New Definiton REQUIRED

From: HOTZE <>
Date: Mon Nov 17 14:15:44 1997

Okay... now, I believe that the 10 year definiton is fairly correct... what
was significant about the AT was the AT sized motherboards.... which was a
standard until about a year or two ago with ATX... smaller space.... but
anyway, I think that we should say "10 years or older... but bendably, as age
is not the true determining factor of the making of a classic" or something
to that effect, as to aknowledge that it's not written in stone.... I've
found a solution to the "To many clones problem", use (1) the first (2) The
one that took full advantage (3) The ideal example of what the rest were like.

Frank McConnell wrote:

> HOTZE <> wrote:
> > [...] if you remember, in the "welcome" message, it
> > said that it was hard to state the definiton of a classic... but 10
> > years or older would do. I do not wish to offend the owner, but they
> > are one person, and they can make mistakes... and together, as a group,
> > the chances of making an accurate definiton are smaller with us.
> Right. Not too many people are going to agree on this. There's
> probably a few people out there who think the Atari Portfolio is a
> classic and I think it's under 10 years old. The IBM PC/AT is 13
> years old now but I have difficulty thinking of it as a classic and I
> really couldn't care less.
> But the 10 year rule is simple and not without precedent (it's roughly
> the way other things are judged "antique" -- if I remember correctly
> the "magic number" is 100 years for furniture and housewares and 20
> years for automobiles). That's why we have it, we know it's not
> perfect but it does provide a clear cutoff.
> (Aside to You Know Who You Are: knock it off, OK?)
> > Possibly (out for MUCH revision...) is the definition "Any computer
> > which has aged sufficently to be considered "outdated" by the computer
> > market and has historic signifiance, OR is 10 years old or older." The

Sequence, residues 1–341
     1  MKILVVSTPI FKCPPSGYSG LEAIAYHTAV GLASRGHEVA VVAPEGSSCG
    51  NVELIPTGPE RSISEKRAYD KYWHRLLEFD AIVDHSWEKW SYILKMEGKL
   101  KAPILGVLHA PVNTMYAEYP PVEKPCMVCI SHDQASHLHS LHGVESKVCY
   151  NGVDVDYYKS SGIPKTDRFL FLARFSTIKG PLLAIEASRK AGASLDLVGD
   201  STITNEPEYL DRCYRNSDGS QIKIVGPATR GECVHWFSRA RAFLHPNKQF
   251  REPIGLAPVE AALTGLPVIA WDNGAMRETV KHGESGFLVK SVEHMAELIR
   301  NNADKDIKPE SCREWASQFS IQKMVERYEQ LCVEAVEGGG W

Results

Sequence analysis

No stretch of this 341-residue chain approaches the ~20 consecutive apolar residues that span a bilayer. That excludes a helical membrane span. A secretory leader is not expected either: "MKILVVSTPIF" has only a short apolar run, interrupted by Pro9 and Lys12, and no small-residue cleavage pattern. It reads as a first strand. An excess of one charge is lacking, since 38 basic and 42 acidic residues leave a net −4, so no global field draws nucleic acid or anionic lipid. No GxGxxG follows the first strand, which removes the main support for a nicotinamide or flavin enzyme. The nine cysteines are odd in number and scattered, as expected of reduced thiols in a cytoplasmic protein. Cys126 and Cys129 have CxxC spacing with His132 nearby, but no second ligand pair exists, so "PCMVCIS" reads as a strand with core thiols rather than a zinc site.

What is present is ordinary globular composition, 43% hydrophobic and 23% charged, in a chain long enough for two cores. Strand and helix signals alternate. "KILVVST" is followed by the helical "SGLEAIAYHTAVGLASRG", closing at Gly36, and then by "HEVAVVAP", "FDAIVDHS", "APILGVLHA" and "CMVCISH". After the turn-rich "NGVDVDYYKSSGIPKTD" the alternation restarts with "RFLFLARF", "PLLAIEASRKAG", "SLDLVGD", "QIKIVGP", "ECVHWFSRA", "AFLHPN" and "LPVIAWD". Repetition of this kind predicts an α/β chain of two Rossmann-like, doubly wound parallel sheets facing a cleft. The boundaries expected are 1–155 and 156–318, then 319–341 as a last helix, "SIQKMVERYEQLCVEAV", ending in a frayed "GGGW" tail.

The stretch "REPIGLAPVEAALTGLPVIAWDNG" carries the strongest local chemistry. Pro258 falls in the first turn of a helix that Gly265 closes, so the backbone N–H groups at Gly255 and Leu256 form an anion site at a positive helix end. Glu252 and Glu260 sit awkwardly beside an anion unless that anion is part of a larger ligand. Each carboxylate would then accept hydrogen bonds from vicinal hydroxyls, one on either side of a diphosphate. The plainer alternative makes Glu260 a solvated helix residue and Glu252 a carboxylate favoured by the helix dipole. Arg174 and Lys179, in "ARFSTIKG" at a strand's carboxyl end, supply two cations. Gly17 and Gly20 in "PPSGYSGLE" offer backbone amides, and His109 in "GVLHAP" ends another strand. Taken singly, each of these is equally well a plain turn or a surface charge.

> > one evedeint place that requires revsion is the "historical signifiacne"
> Does it? The problem is that inside 10 years it's very difficult to
> judge historical significance.
> And just because it's older than 10 years doesn't make finding the
> historical significance any easier. I'm hard pressed to think of what
> was significant about the PC/AT, as near as I could tell at the time
> it was put to work as a bigger faster IBM PC, still running all the
> same old MS-DOS applications, still one at a time. And from
> conversations I've had with folks who were doing Unix stuff on the
> 80286 then, they didn't think 80286 protected mode was progress w/r/t
> the PDP-11.
> Well, what did the PC/AT have that the PC/XT didn't? 1.2MB
> minifloppies (although I saw those retrofit onto XT-class PCs), 16-bit
> slots, a cascaded interrupt controller to handle the additional
> interrupt request lines...and the A20 gate that let you get at another
> little chunk of RAM up above the 1MB boundary while still in real
> mode. Hmm. How many of these things do we consider historically
> significant now, and how many will we still consider significant in 5,
> 10, 25, 50, 100 years?
> -Frank McConnell
Received on Mon Nov 17 1997 - 14:15:44 GMT

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